What Causes Fatigue?

by Karen Brooks on January 15, 2010

As a practitioner with over twenty (20) years of treating people, two of the most common questions I am asked is “why am I so tired(fatigued)?” & “what causes fatigue?” Well, I’m about to give you the answer that I have given so many others in my career as a Naturopath specialising in wellness, not just good health but total, jump out of bed, can’t wait to start the day – wellness, something that is sorely missing in our modern stressful lifestyles.

I’m sorry if I get a bit too technical here in parts but you need to know the truth to beat this scourge of society. So then – what causes fatigue??? First of all, what is fatigue? I guess the simplest explanation is that of having no energy, being listless and basically dog tired. Fatigue, like just about any condition can be caused from a number of reasons. The main and most common one can be and usually is low levels of magnesium. Magnesium is a mineral found in leafy green vegetables, nuts and whole grains. Even eating a good diet as much as 86% of women and 67% of men do NOT receive the RDA of magnesium in their diet, little wonder fatigue is so rampant in society. This is mostly due to poor modern farming practices and the over processing of foods which essentially robs magnesium from the fresh produce.

Magnesium is most important for energy production. With low levels of magnesium the most common sub-clinical deficiency symptoms are general fatigue, muscle pain &/or cramping, anxiety and lower tolerance to stress, sleep problems, premenstrual syndrome, migraines, tension headaches, painful periods. It is also important in the treatment of high blood pressure, fibromyalgia, diabetes, heart disease, fatty liver and excessive alcohol consumption.

Now for the technical stuff, there are many forms of magnesium supplements you can buy. BUT many are poorly absorbed by the body and these products can cause bowel upsets (Epsom salts is a form of Magnesium). The best form to take is magnesium diglycinate (a form of chelated magnesium).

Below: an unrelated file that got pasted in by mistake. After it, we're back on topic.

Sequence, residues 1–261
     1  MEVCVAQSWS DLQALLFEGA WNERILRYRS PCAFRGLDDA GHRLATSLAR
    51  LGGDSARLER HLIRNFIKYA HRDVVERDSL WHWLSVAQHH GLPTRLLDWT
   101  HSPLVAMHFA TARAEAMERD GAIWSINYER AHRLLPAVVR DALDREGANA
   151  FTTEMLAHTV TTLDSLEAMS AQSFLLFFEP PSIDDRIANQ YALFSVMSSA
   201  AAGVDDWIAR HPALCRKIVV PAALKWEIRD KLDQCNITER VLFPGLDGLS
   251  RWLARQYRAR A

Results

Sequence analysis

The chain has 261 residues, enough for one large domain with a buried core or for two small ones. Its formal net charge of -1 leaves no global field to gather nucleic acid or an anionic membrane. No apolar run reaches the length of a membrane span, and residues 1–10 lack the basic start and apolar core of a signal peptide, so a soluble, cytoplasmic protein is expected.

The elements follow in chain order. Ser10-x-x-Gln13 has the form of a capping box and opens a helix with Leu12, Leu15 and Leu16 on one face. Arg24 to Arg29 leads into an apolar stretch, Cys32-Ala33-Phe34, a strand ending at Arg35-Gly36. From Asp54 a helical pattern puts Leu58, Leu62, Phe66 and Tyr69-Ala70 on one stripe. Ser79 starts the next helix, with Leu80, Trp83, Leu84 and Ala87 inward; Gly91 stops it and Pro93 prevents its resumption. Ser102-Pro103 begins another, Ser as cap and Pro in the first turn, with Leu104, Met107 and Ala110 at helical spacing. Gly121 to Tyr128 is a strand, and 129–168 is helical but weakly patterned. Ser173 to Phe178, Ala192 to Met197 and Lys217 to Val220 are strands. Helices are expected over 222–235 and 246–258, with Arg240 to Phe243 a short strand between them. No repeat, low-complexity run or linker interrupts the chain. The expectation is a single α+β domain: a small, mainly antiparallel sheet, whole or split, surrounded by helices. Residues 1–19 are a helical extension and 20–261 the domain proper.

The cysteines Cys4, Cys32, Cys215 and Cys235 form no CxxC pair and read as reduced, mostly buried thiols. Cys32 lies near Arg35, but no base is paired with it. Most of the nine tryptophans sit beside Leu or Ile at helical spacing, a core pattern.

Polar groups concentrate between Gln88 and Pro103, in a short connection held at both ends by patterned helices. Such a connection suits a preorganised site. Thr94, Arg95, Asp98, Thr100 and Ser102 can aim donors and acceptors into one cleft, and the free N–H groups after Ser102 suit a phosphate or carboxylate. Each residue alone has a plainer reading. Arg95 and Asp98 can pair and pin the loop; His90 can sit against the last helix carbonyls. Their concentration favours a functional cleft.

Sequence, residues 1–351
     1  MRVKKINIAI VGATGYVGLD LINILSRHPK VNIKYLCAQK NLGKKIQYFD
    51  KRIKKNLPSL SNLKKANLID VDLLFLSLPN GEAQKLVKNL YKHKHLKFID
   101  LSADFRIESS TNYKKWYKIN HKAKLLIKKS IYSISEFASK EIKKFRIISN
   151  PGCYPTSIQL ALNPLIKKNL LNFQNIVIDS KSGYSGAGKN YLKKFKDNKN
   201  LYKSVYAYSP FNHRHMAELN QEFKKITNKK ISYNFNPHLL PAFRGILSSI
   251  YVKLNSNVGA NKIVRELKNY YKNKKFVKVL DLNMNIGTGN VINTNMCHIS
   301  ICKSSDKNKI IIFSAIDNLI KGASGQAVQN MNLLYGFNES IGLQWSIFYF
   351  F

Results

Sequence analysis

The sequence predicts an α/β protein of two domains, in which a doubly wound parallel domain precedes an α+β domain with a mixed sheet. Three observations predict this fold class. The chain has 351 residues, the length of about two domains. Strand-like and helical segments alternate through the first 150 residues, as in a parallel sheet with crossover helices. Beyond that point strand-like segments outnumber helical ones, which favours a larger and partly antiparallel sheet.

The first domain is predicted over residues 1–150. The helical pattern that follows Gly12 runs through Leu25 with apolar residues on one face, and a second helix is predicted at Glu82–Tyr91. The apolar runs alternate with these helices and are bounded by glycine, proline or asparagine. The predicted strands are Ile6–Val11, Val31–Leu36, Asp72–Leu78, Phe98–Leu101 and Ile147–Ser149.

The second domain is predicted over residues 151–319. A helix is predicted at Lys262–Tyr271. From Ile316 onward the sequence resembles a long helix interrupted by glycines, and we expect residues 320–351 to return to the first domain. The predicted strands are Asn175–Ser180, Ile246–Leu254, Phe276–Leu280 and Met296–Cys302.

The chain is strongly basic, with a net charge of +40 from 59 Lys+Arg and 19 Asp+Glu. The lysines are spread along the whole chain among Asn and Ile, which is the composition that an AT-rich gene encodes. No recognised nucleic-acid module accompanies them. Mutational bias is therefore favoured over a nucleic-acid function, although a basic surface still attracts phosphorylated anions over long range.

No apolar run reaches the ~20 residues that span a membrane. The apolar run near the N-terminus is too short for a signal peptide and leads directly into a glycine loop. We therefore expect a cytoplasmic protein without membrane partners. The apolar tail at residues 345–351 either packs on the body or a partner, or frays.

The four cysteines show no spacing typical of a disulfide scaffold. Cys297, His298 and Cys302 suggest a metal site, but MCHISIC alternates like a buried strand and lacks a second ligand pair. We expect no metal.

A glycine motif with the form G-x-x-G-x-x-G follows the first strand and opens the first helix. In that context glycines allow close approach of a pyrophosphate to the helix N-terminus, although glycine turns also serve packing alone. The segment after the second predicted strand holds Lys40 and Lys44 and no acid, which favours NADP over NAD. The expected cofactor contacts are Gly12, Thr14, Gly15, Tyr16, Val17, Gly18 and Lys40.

It is most important is to take magnesium WITH the other cofactors that work with magnesium. These include Taurine, Glutamine, vitamin C and B group, calcium, potassium, selenium, chromium, malic acid.

The correct supplement of magnesium will depend on your individual requirements. There are many different types of magnesium and the dosage will vary greatly depending on how well it is absorbed by the body. Magnesium the most important supplement for fatigue, tiredness and stress..

Obviously there are number of other causes of fatigue as well as mitigating factors both in terms of supplementation, diet, exercises not too mention the all important ‘state of mind’, but in my vast experience dealing with fatigued people nothing gives the ‘bang for buck’ like correcting magnesium levels in the body. I usually find it to be the missing link which enables people to minimise fatigue in the initial stage to then deal with the other issues mentioned here.

Good luck and always remember to seek out a trained professional to help you with this very common and debilitating issue. So now you know what causes fatigue.

About the Author

Tracey Lee Morley is a Naturopath, Homoeopath & Herbaliust with over 20 years experience in helping people overcome fatigue. Tracey is a mine of practical, useful and up to date information that get results. Check out her website at http://www.alternative-natural-remedies.com.au

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